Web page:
Degree Overview: Associate of Science (A.S.) Degree in Respiratory TherapyMajors Overview June 19, 2014
Get more information about the Associate of Science (A.S.) degree program in Respiratory Therapy and its education requirements, coursework, career choices, and continuing education choices.
Associate of Science (A.S.) Degree Programs in Respiratory Therapy
Patients that have breathing problems or cardiopulmonary illnesses can benefit from treatment in the form of respiratory therapy. It takes about two years to complete Respiratory Therapy AS degree programs. Students enrolled in these programs are taught about the evaluation, treatment, and care of patients that have respiration issues even as they are provided diagnostic procedures and therapeutic treatments.
Those that graduate from Respiratory Therapy AS programs are trained to seek entry-level jobs as respiratory therapy technicians or respiratory therapists; they can also use the degree program as preparation for licensing exams at the state and national levels.
Apart from high school diplomas or equivalent, general education courses in biology and math are expected to be completed by applicants for admission to Respiratory Therapy AS programs that are required to have earned sufficient credits in these subjects.
Varying with the school, admission criteria may also require the completion of respiratory care shadowing with respiratory therapists. Before they are allowed to start the clinical aspect of the program, students are required to satisfy the school in regard to CPR (cardiopulmonary resuscitation) certification, current health insurance, a physical examination, and drug screening. They must also consent to a criminal background check.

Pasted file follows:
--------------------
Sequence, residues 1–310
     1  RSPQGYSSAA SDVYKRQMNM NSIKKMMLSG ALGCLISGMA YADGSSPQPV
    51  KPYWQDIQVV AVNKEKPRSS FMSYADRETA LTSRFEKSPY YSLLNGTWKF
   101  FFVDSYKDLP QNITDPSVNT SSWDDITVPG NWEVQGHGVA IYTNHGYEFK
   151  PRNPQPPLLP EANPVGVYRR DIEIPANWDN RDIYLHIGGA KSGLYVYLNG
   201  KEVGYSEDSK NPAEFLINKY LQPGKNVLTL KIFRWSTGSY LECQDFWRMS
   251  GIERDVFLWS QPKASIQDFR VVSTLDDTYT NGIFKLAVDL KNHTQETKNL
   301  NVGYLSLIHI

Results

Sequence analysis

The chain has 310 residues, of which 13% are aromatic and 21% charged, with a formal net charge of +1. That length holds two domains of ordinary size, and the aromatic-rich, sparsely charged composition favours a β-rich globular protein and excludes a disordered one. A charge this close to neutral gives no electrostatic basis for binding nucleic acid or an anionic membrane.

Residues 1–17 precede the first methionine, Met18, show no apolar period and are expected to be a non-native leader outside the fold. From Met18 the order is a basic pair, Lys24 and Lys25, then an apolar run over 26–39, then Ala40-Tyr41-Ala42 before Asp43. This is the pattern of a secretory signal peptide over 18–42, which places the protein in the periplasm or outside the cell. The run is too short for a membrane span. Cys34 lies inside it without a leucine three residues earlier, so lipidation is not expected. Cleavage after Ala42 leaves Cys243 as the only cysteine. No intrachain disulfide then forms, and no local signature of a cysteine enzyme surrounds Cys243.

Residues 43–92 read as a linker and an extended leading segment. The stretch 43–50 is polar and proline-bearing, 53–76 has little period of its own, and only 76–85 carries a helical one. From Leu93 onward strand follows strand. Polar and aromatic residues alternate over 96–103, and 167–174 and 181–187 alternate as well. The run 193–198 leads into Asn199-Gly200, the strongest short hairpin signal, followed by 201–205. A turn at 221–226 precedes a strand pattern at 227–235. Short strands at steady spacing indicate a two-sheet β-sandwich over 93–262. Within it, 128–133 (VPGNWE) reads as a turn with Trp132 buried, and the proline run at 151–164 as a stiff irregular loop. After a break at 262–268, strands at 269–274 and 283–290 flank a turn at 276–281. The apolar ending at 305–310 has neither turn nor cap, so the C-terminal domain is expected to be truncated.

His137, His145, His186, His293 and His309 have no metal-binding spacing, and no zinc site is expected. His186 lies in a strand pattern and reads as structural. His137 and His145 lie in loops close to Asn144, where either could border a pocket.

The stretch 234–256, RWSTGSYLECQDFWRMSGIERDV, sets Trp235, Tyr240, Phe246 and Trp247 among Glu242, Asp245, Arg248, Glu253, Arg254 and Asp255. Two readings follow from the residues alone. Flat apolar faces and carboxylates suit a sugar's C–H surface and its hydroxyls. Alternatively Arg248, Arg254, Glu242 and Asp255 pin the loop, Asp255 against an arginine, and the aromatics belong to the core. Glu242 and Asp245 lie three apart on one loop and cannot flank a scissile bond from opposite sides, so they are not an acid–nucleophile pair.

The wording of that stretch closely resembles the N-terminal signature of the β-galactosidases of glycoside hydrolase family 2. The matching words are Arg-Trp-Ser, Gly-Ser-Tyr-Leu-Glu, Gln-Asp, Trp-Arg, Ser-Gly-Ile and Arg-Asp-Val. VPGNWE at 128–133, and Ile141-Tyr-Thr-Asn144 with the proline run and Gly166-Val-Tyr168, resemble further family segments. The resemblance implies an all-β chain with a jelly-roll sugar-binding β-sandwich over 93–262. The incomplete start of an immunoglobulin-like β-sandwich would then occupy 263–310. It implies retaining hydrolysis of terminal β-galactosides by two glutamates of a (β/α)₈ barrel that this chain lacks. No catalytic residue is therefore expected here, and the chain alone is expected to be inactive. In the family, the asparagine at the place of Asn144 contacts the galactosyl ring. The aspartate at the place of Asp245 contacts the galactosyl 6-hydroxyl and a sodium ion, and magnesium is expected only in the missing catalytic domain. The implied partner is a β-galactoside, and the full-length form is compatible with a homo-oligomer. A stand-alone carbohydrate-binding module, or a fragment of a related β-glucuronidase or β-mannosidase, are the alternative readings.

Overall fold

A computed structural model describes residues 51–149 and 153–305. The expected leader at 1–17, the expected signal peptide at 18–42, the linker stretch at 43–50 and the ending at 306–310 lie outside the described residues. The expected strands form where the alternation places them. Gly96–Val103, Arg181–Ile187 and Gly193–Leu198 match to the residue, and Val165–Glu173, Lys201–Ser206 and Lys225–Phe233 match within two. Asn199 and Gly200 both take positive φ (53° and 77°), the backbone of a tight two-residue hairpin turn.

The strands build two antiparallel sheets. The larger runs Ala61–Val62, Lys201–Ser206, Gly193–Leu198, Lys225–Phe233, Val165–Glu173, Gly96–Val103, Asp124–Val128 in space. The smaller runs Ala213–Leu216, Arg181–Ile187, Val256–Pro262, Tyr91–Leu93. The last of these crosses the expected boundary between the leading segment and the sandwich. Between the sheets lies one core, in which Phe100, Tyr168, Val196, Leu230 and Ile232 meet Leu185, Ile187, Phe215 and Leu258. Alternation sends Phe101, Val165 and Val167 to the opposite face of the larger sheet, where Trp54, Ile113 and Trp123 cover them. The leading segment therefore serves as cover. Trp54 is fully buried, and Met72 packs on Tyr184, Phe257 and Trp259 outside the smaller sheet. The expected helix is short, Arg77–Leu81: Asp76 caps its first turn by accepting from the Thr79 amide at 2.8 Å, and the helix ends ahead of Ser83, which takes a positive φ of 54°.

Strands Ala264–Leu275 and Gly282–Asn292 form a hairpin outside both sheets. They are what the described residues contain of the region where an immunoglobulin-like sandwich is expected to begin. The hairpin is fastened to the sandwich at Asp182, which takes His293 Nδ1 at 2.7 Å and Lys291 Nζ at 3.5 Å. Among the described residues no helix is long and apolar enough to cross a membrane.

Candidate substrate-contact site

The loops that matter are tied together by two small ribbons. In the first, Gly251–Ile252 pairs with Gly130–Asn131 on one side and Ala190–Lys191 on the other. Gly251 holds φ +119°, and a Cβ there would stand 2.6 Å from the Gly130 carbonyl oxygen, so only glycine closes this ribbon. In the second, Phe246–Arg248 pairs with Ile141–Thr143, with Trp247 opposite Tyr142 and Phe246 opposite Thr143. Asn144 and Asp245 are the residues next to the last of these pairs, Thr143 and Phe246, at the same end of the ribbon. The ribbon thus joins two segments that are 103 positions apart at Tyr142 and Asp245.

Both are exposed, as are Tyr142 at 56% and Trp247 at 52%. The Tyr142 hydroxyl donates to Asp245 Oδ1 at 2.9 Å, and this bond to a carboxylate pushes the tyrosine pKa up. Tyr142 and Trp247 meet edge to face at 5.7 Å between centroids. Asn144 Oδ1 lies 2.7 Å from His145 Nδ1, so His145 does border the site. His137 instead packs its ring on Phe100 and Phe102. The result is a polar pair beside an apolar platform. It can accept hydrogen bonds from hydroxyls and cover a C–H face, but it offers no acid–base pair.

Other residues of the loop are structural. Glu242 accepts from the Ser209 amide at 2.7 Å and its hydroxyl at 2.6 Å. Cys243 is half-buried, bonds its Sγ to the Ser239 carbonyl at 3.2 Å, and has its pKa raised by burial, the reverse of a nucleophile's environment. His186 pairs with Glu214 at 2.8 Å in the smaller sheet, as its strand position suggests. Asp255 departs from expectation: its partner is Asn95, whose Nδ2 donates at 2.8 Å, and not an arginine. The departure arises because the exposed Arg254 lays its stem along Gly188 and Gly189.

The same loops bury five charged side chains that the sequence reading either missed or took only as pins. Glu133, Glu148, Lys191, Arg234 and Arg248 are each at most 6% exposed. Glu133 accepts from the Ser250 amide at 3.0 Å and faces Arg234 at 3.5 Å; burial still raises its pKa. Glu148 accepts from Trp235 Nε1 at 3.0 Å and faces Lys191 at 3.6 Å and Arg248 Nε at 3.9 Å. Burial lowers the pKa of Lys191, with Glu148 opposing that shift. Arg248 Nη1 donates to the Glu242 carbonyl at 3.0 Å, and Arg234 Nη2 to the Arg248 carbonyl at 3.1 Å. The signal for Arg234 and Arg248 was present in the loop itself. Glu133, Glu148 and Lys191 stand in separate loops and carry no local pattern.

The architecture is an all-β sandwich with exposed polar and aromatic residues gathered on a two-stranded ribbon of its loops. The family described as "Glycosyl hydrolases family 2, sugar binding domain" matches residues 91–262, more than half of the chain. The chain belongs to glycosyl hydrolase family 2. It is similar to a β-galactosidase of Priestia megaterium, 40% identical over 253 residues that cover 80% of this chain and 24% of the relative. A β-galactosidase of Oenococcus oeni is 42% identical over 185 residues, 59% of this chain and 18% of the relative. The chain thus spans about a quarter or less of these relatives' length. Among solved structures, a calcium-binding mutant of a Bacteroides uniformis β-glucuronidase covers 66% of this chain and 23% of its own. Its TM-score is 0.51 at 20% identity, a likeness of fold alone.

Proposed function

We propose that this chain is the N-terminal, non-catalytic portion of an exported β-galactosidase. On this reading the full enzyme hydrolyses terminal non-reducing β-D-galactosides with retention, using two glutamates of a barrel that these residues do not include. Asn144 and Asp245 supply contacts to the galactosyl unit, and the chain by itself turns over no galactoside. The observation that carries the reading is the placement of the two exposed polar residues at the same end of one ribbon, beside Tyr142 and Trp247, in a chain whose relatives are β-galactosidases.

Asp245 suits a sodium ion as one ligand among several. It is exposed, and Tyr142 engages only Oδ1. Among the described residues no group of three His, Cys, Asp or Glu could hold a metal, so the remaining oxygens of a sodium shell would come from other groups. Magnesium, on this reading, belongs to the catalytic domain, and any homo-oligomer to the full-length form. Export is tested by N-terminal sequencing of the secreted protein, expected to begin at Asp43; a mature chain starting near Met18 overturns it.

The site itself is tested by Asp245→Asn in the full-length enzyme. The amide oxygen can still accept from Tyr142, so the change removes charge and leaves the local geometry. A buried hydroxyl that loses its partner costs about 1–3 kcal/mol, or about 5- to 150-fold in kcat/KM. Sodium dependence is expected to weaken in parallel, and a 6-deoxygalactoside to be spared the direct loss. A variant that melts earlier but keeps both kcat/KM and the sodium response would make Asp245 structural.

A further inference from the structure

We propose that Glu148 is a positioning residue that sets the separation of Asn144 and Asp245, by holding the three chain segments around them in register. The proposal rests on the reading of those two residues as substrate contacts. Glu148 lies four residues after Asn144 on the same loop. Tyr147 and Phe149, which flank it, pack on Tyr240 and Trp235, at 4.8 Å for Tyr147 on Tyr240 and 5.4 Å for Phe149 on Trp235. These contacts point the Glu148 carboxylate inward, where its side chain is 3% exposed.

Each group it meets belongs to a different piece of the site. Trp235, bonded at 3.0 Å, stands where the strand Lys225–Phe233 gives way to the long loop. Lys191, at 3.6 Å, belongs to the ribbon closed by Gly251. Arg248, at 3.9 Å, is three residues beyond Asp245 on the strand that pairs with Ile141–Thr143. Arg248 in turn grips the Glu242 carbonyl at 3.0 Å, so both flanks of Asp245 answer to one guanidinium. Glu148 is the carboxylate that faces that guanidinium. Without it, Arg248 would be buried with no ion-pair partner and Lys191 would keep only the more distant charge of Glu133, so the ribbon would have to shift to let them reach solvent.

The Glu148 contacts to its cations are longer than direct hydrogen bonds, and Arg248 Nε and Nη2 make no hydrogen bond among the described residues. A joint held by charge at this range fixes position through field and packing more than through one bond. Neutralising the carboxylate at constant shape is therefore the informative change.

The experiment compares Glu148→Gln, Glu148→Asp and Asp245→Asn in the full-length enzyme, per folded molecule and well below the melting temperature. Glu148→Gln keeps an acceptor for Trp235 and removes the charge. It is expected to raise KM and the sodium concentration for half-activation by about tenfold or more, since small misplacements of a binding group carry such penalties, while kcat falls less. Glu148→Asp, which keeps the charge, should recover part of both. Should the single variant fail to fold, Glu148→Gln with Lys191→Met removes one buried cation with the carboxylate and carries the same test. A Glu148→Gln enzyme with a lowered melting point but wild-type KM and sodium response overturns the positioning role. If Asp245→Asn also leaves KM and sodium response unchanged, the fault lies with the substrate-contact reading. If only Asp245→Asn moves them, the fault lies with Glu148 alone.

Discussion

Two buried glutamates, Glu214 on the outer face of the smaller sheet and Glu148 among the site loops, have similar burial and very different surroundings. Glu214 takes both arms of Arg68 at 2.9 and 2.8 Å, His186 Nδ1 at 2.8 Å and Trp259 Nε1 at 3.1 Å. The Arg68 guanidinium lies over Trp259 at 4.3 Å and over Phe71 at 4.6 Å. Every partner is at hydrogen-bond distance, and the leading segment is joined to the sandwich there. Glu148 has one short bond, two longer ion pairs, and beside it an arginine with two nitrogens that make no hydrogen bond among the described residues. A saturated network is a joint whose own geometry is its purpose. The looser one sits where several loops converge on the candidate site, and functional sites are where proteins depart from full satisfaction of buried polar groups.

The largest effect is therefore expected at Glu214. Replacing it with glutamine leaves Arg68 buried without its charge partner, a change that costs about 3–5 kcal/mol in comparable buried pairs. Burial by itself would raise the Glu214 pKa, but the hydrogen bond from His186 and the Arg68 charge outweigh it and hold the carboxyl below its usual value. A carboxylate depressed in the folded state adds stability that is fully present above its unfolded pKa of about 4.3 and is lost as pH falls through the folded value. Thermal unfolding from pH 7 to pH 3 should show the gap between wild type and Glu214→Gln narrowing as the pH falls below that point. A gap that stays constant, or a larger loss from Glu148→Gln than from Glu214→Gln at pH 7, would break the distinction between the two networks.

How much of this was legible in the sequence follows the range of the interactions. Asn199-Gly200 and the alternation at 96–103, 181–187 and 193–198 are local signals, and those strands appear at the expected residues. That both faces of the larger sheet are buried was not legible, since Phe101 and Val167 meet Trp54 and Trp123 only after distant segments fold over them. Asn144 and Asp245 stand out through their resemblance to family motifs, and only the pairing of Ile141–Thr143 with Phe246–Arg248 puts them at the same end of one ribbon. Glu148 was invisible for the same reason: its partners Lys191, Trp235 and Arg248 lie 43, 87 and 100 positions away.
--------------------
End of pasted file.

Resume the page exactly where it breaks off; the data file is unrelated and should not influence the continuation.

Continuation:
Coursework in respiratory therapy associate’s programs combines classroom lectures with clinical site work. They are also required to take part in clinical rotations at health care environments. Apart from classes in the sciences and math, coursework may include courses relevant to respiratory breathing, such as:
•Mechanical ventilation and critical care
•Arterial blood gases
•Basic through advanced respiratory care
•Advanced airway techniques
A faster-than-average job growth rate has been predicted for respiratory therapists during the period of 2008 to 2018 (U.S. Bureau of Labor Statistics (BLS)). This optimistic projection is based on the assumption that there will be a higher susceptibility among an aging population for respiratory and cardiopulmonary diseases. Graduates of associate’s degree programs can choose from various career options, including the following:
•Respiratory therapy practitioner
•Respiratory therapy technician
Continuing Education Choices
Graduates of an associate’s degree in respiratory therapy often seek to join the workforce immediately on completion of the program. However, some prefer to continue their education by earning a bachelor’s degree in respiratory therapy, which is preferred by some employers. Those that earn bachelor’s degrees can seek advanced respiratory care occupations.
State licensure is mandatory for respiratory therapists; some states also require these professionals to hold certification before they are allowed to practice. The National Board for Respiratory Care (NBRC) offers the Certified Respiratory Therapist (CRT) credential and awards them to candidates on the passage of a written exam, which can also determine licensure in many instances. Usually, respiratory therapists that aspire to supervisory or intensive care positions assume the title of Registered Respiratory Therapists (RRT) after the passage of two exams.